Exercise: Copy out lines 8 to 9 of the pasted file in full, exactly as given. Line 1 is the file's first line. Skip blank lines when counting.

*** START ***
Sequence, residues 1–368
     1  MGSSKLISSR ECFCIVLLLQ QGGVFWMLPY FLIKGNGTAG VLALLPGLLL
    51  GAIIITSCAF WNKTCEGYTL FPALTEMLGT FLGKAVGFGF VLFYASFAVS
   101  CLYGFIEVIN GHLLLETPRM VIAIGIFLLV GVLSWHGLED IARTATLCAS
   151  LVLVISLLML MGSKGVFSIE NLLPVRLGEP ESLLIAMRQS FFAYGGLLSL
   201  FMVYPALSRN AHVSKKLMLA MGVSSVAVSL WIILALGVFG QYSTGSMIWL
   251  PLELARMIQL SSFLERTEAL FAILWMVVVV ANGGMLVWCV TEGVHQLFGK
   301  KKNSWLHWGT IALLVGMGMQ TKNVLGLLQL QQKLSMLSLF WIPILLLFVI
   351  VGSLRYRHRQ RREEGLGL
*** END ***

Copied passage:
   301  KKNSWLHWGT IALLVGMGMQ TKNVLGLLQL QQKLSMLSLF WIPILLLFVI
   351  VGSLRYRHRQ RREEGLGL